Journeys of the future

Alex Burrows | 02 Apr 2015 | Comments

The 21st century has seen an astonishing rate of technological development. Looking back around ten years we saw the first smartphones starting to appear, the Oyster card was taking hold in London’s public transport provision and social networks were beginning to emerge. In the last 12 months alone the proportion of the UK population who now own smartphones has risen from 51% to 61%. Correspondingly 90% of the data that exists globally was generated in the last two years alone.

The transport sector is starting to see a number of trends taking hold which are starting to change how people perceive the role of transport and what it should be doing to meet their requirements. The rise of the sharing economy has seen car share and bike hire go from a niche market to an expectation of any self-respecting city. The application of big data analytics is creating space for new market entrants to develop new products and services that are taking on the established order and forcing them to assess their business model and their customers’ experience.

Across all of these emerging opportunities there is a major strategic opportunity for the concept of intelligent mobility to be applied systematically. To achieve this, the two central tenets must be observed:

  • the user and their experience must be placed at the heart of service design and delivery;
  • the transport network must be planned and delivered as a completely integrated system.

If we perceive the term ‘Intelligent Mobility’ (IM) as a method for framing our understanding of the role of transport as actually being a utility that exists solely to meet our mobility demands in order to undertake an activity at the end of every journey, then what is the practical impact for transport as a means to an end?

IM thinking changes the landscape, moving from transport as the provision of fixed services to an integrated system of mobility opportunities focused on delivering the requirements of every user in an individualised and on-demand manner.

One practical implementation of IM is Mobility as a Service (MaaS). The goal of MaaS is to enable users to purchase mobility in an individualised and flexible manner with the user requirements placed at the heart of the service they are purchasing. It enables access to mobility rather than buying a car or season ticket and, crucially, is about helping the user to get around quickly, easily and flexibly.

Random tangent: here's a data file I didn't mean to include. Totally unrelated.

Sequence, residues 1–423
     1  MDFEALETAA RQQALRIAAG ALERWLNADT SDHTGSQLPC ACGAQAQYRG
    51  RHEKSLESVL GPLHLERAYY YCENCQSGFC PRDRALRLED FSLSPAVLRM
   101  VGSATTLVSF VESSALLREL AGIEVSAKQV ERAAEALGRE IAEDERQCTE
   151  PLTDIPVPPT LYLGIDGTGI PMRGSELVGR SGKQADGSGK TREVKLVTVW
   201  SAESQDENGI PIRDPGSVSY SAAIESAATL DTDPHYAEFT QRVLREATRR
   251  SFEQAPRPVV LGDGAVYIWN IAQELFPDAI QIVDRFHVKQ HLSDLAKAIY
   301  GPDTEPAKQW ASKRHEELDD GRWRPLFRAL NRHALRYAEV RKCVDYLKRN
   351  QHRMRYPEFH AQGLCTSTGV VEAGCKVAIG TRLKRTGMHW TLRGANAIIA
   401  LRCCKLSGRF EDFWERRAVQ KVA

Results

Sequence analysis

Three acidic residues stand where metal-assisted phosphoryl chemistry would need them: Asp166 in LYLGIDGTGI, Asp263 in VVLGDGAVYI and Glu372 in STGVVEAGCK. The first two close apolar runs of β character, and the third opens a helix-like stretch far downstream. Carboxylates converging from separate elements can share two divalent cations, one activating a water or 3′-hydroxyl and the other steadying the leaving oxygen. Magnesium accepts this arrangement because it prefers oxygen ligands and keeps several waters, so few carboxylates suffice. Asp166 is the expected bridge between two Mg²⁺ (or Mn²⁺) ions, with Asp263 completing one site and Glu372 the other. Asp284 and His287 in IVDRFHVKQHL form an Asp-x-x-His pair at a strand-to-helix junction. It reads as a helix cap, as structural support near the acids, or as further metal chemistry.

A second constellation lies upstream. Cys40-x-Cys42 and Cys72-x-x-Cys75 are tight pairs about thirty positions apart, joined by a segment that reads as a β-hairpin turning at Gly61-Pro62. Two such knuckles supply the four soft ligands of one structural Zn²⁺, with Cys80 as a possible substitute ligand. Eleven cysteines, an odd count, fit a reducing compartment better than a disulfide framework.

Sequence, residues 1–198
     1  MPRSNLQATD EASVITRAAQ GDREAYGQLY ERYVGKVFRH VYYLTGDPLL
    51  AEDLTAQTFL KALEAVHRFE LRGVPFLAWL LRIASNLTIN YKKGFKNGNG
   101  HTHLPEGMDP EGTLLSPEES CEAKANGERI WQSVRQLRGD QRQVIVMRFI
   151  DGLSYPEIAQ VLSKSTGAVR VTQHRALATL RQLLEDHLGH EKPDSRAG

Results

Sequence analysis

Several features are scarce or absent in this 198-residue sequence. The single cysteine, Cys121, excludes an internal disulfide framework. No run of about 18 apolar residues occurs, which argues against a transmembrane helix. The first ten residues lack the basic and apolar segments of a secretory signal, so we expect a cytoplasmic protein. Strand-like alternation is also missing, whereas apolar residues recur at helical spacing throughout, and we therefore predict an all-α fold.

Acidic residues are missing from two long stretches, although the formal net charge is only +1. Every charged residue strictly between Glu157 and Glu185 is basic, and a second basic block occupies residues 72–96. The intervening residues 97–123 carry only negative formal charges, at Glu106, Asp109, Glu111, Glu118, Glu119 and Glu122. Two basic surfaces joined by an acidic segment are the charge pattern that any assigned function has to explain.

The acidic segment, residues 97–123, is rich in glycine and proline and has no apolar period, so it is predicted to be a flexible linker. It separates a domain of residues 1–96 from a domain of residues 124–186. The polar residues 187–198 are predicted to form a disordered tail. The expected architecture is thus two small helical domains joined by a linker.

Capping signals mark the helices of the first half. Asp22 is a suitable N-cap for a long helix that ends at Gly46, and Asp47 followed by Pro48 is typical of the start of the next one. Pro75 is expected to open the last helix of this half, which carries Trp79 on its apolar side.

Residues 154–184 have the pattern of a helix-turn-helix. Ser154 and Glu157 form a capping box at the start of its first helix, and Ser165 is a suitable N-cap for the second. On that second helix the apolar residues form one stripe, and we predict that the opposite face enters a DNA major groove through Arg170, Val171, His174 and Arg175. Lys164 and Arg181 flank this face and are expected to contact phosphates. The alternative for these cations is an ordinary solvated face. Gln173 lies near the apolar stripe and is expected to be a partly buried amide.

MaaS inverts the traditional focus on transport as the supply of capacity on a fixed network of routes (railway lines, bus routes and so on) and instead designs and directs a transport system to meet the demand of every single user. The opportunity for MaaS to be applied has been enabled by the penetration of smartphones across the population and by the power of data analytics to be able to consume and make sense of the amount of data required to manage every user’s journey in the most efficient way possible and dynamically against how the network is performing and where the demand actually is in real time.

From the user perspective, MaaS fundamentally shifts the role of the transport system from the blunt instrument of multiple forms of supply to instead meeting the individual’s demand for travel for their whole journey. There is a helpful analogy – your mobile phone contract. Imagine paying a monthly fee to your network provider (it could be your city transport authority, or perhaps EE, or BMW) and you pick the contract that provides the right options for you, for example unlimited train travel, a certain number of bike hires, some use of carsharing and liftsharing services could be included in your monthly tariff, with some bolt-on extras available as and when required.

From the perspective of the transport sector, this could see a shift to businesses focusing on one of two areas – either the provision of supply of infrastructure capacity to enable mobility (e.g. trains, buses, car rental) or the customer-facing retail element as the mobility service provider (who would meet the user demand by purchasing capacity from the supplier in block and then tailoring a package to fit their individual customers’ requirements).

MaaS can fundamentally change the game in a number of positive ways and cities across the world are taking notice of this emerging approach to reimagining how we can improve mobility.

For more on this discussion, have a read of the white paper we have published on MaaS which you can find here.

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